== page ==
Mortgage Rates Jump to 5.78 Percent, Rising at the Fastest Pace Since 1987

Mortgages rates climbed at their fastest pace this week since 1987, as inflation re-accelerated and the Federal Reserve raised its benchmark interest rate again to try to contain it.

Rates on 30-year fixed rate mortgages averaged 5.78 percent as of June 16, according to Freddie Mac’s primary mortgage survey, up from 5.23 percent the week before — that’s the largest one-week increase in the survey in three and a half decades. Mortgage rates have jumped more than two and a half percentage points since the start of the year, while the average rate was 2.93 percent this week in 2021.

The Federal Reserve raised its benchmark rate on Wednesday by three-quarters of a percentage point, after smaller increases in March and May. Rates on 30-year fixed mortgages don’t move in tandem with the Fed’s benchmark rate but instead track the yield on 10-year Treasury bonds, which are influenced by a variety of factors, including expectations around inflation, the Fed’s actions and how investors react to all of it.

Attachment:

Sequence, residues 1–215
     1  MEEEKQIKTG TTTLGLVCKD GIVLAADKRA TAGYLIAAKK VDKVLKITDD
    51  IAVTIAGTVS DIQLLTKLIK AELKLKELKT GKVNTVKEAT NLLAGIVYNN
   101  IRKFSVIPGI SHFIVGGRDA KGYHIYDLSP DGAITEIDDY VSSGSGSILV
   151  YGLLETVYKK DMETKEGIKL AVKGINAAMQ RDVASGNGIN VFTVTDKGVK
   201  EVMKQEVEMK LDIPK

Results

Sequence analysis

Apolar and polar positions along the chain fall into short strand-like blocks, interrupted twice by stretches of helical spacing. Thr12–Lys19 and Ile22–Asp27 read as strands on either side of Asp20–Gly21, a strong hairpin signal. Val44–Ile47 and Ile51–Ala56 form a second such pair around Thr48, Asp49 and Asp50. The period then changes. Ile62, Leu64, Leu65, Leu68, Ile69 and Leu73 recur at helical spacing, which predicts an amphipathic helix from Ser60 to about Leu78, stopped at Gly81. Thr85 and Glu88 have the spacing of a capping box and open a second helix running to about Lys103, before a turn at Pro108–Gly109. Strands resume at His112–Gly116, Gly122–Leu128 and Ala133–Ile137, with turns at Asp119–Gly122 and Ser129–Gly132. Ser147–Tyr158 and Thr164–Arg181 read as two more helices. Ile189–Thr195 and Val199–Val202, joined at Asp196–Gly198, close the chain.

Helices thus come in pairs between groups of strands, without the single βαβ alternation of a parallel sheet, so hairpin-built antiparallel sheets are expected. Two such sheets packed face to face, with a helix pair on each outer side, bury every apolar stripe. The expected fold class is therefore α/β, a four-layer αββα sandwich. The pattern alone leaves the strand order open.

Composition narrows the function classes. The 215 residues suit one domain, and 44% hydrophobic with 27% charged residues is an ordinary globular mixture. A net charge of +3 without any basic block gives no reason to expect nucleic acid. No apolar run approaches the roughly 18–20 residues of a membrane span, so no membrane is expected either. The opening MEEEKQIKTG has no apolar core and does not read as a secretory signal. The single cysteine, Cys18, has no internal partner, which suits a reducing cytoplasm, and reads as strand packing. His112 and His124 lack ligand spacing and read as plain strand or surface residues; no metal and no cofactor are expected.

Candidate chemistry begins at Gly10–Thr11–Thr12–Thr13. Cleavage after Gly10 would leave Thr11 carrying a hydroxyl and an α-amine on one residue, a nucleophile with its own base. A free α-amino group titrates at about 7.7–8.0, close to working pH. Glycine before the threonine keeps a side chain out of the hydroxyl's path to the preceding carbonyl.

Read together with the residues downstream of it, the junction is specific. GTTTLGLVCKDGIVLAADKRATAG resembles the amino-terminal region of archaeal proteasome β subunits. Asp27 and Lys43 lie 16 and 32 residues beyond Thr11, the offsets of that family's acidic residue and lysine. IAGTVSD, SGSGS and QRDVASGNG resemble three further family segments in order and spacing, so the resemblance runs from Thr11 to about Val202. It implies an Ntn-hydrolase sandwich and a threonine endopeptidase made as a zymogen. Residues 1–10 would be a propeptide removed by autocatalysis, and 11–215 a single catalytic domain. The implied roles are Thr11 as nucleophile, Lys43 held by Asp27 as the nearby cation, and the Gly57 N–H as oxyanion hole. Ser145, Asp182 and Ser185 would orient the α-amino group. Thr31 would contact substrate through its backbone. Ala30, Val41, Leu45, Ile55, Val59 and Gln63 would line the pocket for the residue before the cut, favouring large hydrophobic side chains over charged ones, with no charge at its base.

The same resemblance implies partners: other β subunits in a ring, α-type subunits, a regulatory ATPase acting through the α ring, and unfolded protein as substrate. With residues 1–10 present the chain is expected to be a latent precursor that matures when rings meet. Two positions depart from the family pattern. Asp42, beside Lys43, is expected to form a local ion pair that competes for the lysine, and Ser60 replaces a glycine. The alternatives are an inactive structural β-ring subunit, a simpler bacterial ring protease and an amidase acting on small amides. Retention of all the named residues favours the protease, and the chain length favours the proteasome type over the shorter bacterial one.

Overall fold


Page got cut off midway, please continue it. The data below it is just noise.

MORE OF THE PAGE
“These higher rates are the result of a shift in expectations about inflation and the course of monetary policy,” Sam Khater, chief economist at Freddie Mac, said in a statement. “Higher mortgage rates will lead to moderation from the blistering pace of housing activity that we have experienced coming out of the pandemic, ultimately resulting in a more balanced housing market.”

The climb in mortgage rates, coupled with skyrocketing home prices, has eroded what prospective home buyers can afford, increasingly pushing them out of the market altogether. There are already signs that the market is cooling.

Though mortgage purchase applications were up 6.6 percent for the week ending June 10 from the week prior, applications dropped more than 15 percent compared with the same period last year, the Mortgage Bankers Association said on Wednesday.

Joel Kan, the group’s associate vice president of economic and industry forecasting, said that “ongoing inventory shortages and affordability challenges have cooled demand, coinciding with the rapid jump in mortgage rates.”

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